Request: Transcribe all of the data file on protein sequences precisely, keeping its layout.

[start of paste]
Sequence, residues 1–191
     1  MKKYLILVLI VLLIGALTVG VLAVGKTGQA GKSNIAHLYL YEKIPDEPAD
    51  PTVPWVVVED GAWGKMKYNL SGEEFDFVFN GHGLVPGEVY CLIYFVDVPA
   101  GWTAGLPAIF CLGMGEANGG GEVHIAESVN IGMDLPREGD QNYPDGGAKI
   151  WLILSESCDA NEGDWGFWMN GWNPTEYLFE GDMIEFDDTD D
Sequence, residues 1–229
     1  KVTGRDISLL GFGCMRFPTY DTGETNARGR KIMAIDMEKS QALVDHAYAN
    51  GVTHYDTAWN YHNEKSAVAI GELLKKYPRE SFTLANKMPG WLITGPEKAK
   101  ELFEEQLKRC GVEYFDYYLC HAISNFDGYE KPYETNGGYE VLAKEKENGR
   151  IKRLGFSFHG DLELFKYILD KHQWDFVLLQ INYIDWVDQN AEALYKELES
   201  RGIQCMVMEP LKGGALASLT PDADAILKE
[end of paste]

Sequence, residues 1–191
     1  MKKYLILVLI VLLIGALTVG VLAVGKTGQA GKSNIAHLYL YEKIPDEPAD
    51  PTVPWVVVED GAWGKMKYNL SGEEFDFVFN GHGLVPGEVY CLIYFVDVPA
   101  GWTAGLPAIF CLGMGEANGG GEVHIAESVN IGMDLPREGD QNYPDGGAKI
   151  WLILSESCDA NEGDWGFWMN GWNPTEYLFE GDMIEFDDTD D
Sequence, residues 1–229
     1  KVTGRDISLL GFGCMRFPTY DTGETNARGR KIMAIDMEKS QALVDHAYAN
    51  GVTHYDTAWN YHNEKSAVAI GELLKKYPRE SFTLANKMPG WLITGPEKAK
   101  ELFEEQLKRC GVEYFDYYLC HAISNFDGYE KPYETNGGYE VLAKEKENGR
   151  IKRLGFSFHG DLELFKYILD KHQWDFVLLQ INYIDWVDQN AEALYKELES
   201  RGIQCMVMEP LKGGALASLT PDADAILKE